Depending on circumstances renting and owning can vary in attractiveness to the individual and should roughly equate to each other in the main. There certainly shouldn't be the irrational asymmetry that we have seen in recent years where property has had a token worth vastly exceeding it's utility value, purely due to manipulation and speculation. Personally right now I would probably be willing to pay a premium for the flexibility afforded by renting as my needs are fluid. At some stage in the future I will value the slightly higher degree of stability offered by home ownership. It's likely again that at another later stage I will again value the flexibility of renting and there may be several cycles of same. I'm lucky right now that my personal circumstances that make renting attractive put me in a great position in the market because there are plenty of fools in Australia who haven't figured out what's happening.
Firstly as you are probably aware by now I am not in favour of inflated land and property prices. The purchase prices in some places bare no relationship to reality. Secondly I agree that life styles make certain occupancy patterns more attractive.

However I earn fair income from construction and rental. If it pays me to have bought, or built, to rent then what does that tell you about long term rental? One caveat it all depends on initial purchase price price, you can never make up for initial overcharge. If you are borrowing then the rate above base is also of major significance or rather the rate of interest against the rate of inflation.

What I was warning against was simplistic, journalistic, back of envelope, bright ideas, scribbled out over a well lubricated lunch. There was a reference to an article that showed that between 1980 and 200 you would be better to rent than buy. It showed rental investment making £42,000 and purchase making around £15000 in that specific period only. In any other period it was better to purchase so 1980 to 2008 purchase would be a lot better. There were also inaccuracies in relation to tax liability which need to be taken into consideration and costs. It was an interesting article and highlights a different outlook but it was decidedly back of envelope and was selective in a way to aid the answer sought.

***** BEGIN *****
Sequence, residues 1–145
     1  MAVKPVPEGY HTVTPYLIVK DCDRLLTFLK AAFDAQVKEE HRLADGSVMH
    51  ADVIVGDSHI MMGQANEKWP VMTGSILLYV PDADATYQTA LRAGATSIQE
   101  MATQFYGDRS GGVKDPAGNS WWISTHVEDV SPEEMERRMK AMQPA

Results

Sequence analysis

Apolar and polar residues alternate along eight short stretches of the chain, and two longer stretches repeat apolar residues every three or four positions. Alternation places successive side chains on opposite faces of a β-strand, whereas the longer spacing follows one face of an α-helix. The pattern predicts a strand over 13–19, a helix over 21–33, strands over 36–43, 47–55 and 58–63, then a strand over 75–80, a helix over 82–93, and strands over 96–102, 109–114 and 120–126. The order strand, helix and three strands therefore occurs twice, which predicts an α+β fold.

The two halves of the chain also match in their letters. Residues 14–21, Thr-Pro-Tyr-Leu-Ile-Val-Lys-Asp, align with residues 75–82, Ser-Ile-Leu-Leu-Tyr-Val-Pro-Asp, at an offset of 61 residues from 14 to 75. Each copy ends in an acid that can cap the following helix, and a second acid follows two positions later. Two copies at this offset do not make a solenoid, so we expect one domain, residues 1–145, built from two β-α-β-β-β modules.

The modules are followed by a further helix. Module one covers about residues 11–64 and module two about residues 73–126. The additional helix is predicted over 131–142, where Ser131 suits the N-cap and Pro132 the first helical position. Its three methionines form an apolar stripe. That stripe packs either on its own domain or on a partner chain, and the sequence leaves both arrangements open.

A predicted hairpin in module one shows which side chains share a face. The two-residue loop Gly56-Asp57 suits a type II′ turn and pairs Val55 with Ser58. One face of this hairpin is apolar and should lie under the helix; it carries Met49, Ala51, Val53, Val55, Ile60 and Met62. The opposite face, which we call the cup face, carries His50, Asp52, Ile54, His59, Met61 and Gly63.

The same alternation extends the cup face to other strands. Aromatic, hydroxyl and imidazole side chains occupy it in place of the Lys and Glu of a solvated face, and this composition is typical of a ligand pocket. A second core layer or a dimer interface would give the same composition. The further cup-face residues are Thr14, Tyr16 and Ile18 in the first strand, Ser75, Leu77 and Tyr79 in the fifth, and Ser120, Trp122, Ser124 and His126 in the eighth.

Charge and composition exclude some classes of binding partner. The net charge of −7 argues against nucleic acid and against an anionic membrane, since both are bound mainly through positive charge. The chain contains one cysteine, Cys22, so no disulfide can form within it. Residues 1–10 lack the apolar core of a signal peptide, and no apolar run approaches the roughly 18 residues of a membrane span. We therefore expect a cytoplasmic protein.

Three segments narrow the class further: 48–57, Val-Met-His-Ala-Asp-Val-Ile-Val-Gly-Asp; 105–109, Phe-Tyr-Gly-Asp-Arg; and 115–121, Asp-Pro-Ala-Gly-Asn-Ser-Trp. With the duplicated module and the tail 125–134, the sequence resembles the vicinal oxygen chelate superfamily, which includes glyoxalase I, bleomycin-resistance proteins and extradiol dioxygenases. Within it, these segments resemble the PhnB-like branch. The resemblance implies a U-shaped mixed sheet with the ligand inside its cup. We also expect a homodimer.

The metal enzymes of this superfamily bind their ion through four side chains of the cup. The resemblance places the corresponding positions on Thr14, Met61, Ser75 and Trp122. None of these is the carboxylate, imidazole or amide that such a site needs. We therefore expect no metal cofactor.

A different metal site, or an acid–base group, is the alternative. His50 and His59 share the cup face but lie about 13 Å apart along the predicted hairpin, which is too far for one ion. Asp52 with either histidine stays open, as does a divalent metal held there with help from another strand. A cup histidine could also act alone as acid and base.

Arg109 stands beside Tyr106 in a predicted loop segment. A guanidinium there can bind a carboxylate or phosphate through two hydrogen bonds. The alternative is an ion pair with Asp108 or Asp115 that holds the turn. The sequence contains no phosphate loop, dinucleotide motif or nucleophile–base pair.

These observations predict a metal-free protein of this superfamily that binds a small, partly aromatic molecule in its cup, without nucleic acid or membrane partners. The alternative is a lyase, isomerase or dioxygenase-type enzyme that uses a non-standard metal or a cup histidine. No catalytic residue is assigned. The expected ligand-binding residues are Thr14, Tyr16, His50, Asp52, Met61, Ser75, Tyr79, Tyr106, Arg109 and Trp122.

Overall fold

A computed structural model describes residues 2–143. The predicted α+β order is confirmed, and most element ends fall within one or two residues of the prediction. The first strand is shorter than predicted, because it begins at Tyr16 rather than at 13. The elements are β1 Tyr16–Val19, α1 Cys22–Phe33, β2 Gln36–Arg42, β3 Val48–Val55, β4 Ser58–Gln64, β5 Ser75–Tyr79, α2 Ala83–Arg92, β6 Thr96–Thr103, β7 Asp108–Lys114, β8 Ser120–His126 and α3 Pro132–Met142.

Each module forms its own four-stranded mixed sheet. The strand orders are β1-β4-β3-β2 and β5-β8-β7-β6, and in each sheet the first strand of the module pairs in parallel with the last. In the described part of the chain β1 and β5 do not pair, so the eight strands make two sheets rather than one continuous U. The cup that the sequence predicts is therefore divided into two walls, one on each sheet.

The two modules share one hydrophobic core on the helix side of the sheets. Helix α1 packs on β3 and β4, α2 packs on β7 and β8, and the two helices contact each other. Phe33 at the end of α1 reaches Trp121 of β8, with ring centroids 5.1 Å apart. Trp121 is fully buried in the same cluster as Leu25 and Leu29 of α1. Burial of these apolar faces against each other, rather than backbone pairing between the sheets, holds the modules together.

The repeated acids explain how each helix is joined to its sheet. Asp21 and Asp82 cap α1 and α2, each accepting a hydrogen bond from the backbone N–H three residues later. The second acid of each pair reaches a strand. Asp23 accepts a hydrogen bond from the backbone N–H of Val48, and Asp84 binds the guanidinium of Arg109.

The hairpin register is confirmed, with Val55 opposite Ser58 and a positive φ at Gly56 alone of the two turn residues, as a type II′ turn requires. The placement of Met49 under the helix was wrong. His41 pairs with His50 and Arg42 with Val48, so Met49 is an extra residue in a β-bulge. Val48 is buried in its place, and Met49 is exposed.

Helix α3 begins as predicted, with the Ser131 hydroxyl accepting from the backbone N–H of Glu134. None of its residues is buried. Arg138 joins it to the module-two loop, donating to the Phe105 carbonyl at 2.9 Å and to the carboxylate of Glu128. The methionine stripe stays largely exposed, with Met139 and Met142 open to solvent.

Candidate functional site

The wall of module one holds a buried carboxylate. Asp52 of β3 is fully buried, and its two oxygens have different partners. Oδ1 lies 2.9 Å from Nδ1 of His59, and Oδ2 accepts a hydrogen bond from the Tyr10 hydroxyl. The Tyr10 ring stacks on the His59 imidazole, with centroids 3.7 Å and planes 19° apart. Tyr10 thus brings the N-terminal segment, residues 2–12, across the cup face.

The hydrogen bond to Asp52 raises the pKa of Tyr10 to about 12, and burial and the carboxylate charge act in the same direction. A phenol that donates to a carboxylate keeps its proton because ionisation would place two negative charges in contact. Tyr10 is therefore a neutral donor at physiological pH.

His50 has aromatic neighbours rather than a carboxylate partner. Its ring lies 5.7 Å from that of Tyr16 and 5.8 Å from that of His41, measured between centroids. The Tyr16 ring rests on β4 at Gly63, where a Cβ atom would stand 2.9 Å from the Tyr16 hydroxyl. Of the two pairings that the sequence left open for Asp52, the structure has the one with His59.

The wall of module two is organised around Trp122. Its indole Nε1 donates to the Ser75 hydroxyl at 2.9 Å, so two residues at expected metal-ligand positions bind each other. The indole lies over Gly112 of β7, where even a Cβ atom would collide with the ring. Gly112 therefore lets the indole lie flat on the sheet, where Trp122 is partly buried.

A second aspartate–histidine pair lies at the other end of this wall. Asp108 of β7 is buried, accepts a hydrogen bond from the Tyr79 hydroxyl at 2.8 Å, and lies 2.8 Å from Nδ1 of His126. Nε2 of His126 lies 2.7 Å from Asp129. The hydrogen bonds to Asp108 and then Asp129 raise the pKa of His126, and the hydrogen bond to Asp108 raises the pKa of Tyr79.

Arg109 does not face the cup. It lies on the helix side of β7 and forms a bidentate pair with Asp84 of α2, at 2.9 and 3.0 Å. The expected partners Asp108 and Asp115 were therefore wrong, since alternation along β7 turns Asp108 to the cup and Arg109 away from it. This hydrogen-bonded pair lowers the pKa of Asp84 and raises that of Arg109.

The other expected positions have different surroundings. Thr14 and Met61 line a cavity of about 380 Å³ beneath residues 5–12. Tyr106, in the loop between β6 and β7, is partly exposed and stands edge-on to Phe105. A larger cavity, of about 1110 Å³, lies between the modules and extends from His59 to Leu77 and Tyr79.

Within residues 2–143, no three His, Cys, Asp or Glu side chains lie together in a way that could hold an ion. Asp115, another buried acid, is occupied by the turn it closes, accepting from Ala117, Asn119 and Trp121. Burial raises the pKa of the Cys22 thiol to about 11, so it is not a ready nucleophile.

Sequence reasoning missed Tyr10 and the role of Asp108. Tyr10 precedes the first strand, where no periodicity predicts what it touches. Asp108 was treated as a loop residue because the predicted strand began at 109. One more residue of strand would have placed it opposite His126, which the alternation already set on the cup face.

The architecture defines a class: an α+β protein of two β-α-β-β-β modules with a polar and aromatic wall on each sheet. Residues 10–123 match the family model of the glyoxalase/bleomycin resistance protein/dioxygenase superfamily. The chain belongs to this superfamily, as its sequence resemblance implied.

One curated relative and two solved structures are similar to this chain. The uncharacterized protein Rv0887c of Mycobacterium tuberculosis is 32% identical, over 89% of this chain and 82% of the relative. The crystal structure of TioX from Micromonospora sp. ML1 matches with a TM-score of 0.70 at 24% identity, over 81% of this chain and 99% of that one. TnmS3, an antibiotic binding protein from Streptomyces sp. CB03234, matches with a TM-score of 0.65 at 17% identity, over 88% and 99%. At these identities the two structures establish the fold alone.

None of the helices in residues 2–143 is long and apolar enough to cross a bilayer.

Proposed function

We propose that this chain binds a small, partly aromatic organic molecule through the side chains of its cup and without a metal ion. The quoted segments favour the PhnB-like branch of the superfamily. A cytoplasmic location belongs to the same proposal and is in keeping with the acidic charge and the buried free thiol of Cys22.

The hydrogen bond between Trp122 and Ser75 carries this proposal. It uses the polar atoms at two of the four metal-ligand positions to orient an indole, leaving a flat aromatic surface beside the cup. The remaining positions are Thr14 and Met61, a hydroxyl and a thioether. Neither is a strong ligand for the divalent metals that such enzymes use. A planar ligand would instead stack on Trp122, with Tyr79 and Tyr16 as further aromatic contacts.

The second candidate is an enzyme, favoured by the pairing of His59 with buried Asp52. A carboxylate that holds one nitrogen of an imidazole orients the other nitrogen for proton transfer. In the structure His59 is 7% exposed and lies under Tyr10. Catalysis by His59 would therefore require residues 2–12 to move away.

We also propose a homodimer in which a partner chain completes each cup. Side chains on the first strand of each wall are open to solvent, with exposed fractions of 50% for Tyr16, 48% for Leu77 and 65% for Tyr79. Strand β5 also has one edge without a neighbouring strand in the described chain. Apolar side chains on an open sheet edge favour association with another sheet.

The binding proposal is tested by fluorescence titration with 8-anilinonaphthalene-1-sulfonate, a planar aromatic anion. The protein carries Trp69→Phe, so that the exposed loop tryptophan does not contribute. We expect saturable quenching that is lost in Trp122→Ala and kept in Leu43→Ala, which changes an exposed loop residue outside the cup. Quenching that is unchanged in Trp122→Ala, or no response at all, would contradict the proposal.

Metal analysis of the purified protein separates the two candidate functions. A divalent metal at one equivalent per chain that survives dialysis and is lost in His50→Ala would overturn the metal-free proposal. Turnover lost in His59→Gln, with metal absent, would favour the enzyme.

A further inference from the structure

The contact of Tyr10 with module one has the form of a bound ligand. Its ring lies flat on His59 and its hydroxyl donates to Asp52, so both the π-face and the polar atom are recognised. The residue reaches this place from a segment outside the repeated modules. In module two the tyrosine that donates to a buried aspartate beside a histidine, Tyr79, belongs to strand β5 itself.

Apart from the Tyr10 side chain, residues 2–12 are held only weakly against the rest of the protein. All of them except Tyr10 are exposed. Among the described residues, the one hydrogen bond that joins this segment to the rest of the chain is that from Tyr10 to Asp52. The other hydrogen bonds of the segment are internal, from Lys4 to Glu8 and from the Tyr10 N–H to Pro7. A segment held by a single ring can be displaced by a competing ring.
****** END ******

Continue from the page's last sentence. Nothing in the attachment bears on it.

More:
If you rent and invest I doubt if you would have enough to buy a house outright at the end of 20 years. Rent is such a substantial cost.

In a falling market it makes sense to rent.

A more interesting comparison would have been someone borrowing the total amount needed to buy the house and investing that and not just the deposit and comparing that against purchase. Unfortunately for most people that is not an option as Banks probably would not lend. Would be great fun if the borrowing abroad option (say Japan) was included to show the effect of movements in currency values.
 

Squire Allworthy

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Most governments have a vested interest in keeping property prices up. It supports the financial system.

Indeed that is true. Good for tax take, enables business to borrow against assets to invest. However in Ireland the government has a greater interest than most in property values.
 

HanleyS

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Squire Allworthy said:
If you rent and invest I doubt if you would have enough to buy a house outright at the end of 20 years. Rent is such a substantial cost.

In a falling market it makes sense to rent.
In australia currently it costs circa 4.5% of reliable value to rent. Mortgage interest is over 6.5%. Mortgage interest is a substantial cost. Rent is cheap in comparison.